Data collected by any person or organisation may only be used for the specific purposes for which they were collected. Personal data may only be kept for an appropriate length of time and must not be disclosed to other parties without the consent of the data owner. Schools, for example, may decide to keep information on former pupils for no longer than ten years.

The act is overseen by an independent government authority, the Office of the Information Commissioner. Persons and organisations which store personal data must register with the Data Protection Commissioner.

Supply of Goods and Services Act 1982

The Supply of Goods and Services Act 1982 is an Act of the Parliament of the United Kingdom that requires traders to provide services to a proper standard of workmanship. Furthermore, if a definite completion date or a price has not been fixed then the work must be completed within a reasonable time and for a reasonable charge.

Also, any material used or goods supplied in providing the service must be of satisfactory quality.

The law treats failure to meet these obligations as breach of contract and consumers would be entitled to seek redress, if necessary through the civil courts.

Food safety act 1990

The law says that it’s an offence to sell any food, which is “not of the nature, substance or quality demanded by the purchaser” i.e. if you ask for cod in batter, you shouldn’t be given anything else; your piece of cod shouldn’t contain any foreign bodies like glass, metal or insects; and it shouldn’t be rancid or mouldy. If you asked your butcher for 500g of pork sausages and he sells you 450g then that’s an offence under the Weights and Measures Act. If the sausages weren’t pork but a mixture of beef, pork and other odd scraps, then he could be prosecuted under the Trade Descriptions Act 1968 or the Food Safety Act 1990. There’s a certain amount of overlap between the Acts and several laws can affect one transaction or sale.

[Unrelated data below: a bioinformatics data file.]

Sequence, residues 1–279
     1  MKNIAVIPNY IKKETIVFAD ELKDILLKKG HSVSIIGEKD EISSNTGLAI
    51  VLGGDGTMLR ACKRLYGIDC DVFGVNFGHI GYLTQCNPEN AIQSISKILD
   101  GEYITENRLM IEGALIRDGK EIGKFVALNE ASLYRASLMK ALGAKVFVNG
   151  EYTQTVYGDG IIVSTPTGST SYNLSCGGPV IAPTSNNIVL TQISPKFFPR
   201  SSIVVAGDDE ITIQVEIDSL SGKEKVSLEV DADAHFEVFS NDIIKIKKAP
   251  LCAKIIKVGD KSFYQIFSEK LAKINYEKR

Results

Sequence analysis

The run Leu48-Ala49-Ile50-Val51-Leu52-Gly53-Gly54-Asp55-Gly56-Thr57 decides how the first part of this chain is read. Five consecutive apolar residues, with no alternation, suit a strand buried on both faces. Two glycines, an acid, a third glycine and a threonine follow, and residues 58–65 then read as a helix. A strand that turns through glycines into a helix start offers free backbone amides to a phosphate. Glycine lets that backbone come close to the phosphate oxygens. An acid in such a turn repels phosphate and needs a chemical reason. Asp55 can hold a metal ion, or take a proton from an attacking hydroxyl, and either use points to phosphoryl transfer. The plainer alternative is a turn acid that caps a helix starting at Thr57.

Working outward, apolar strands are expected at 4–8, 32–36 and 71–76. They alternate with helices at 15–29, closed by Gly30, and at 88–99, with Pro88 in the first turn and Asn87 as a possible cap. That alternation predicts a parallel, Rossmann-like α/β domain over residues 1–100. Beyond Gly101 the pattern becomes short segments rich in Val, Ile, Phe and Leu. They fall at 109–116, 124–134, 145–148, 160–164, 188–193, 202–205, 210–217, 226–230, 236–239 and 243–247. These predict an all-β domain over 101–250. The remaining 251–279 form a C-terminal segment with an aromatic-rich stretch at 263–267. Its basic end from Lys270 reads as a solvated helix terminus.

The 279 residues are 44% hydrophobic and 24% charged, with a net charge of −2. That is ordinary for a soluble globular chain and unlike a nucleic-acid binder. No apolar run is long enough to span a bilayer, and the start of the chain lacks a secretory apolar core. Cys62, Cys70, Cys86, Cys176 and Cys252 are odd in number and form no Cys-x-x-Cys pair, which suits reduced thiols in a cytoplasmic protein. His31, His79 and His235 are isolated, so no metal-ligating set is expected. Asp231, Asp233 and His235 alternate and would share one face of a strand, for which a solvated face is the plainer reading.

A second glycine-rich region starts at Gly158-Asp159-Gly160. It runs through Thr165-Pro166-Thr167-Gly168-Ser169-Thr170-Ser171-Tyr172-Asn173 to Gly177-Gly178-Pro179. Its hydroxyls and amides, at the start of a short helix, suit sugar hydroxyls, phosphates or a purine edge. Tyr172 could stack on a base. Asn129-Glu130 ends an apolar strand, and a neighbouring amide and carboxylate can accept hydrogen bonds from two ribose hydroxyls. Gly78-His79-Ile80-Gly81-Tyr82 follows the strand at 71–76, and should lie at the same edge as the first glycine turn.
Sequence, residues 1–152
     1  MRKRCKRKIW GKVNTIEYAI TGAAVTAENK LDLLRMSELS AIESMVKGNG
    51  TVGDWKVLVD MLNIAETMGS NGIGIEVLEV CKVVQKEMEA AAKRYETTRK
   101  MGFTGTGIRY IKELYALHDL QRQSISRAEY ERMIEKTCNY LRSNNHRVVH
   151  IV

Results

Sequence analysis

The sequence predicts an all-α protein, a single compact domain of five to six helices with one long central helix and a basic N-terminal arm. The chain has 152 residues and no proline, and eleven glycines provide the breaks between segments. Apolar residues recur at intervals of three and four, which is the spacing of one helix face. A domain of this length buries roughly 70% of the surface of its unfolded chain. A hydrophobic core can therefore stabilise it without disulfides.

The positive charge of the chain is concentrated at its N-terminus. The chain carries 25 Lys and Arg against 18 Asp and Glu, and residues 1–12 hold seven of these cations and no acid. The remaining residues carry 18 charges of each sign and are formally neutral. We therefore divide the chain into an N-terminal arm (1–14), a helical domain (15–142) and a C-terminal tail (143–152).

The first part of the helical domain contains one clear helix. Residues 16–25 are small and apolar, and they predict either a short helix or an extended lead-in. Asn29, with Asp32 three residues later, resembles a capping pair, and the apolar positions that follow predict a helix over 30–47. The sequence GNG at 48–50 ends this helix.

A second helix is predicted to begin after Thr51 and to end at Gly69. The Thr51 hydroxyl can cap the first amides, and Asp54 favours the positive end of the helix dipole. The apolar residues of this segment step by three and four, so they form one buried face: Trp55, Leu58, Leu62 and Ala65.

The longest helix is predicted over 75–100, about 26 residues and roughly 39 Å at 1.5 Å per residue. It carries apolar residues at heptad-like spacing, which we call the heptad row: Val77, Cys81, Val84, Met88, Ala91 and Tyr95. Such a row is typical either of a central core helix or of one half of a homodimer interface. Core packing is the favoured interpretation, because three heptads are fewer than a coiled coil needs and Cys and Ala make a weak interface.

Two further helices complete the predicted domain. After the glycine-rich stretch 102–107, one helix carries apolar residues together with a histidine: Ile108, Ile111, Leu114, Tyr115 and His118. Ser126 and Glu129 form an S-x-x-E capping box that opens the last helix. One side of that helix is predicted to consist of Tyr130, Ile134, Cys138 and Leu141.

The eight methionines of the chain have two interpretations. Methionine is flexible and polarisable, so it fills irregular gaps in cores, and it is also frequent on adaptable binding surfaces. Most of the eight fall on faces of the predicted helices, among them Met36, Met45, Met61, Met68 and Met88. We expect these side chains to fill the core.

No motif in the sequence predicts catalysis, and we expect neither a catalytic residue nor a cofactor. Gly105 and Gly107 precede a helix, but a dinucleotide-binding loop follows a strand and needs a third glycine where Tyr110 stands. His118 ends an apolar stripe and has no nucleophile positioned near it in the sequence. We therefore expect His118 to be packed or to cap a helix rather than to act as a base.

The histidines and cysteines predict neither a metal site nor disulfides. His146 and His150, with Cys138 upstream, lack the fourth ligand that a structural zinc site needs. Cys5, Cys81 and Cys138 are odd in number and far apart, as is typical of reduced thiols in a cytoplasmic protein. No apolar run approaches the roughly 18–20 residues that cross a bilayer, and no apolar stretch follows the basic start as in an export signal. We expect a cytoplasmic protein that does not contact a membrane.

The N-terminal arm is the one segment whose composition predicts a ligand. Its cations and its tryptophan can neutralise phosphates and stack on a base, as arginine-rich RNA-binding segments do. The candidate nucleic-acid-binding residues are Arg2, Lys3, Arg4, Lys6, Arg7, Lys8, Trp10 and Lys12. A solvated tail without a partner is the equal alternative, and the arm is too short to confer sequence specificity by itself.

Toy safety regulations 1995

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It should be noted that the right to reproduce the text of Statutory Instruments does not extend to the Queen’s Printer imprints which should be removed from any copies of the Statutory Instrument which are issued or made available to the public. This includes reproduction of the Statutory Instrument on the Internet and on intranet sites. The Royal Arms may be reproduced only where they are an integral part of the original document.

Trade Descriptions Act 1968

The Trade Descriptions Act 1968 is an Act of the Parliament of the United Kingdom which prevents manufacturers, retailers or service industry providers from misleading consumers as to what they are spending their money on.